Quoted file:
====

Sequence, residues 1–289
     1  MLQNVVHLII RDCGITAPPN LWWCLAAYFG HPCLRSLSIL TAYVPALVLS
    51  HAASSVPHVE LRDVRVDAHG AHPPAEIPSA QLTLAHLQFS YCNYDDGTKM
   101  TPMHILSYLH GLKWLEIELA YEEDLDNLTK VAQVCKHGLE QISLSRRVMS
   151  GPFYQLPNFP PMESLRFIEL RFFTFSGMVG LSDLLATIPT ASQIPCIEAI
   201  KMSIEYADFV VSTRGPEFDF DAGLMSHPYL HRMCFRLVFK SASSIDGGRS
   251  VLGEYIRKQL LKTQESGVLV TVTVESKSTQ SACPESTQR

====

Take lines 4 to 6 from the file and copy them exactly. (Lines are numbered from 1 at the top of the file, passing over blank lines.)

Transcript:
   101  TPMHILSYLH GLKWLEIELA YEEDLDNLTK VAQVCKHGLE QISLSRRVMS
   151  GPFYQLPNFP PMESLRFIEL RFFTFSGMVG LSDLLATIPT ASQIPCIEAI
   201  KMSIEYADFV VSTRGPEFDF DAGLMSHPYL HRMCFRLVFK SASSIDGGRS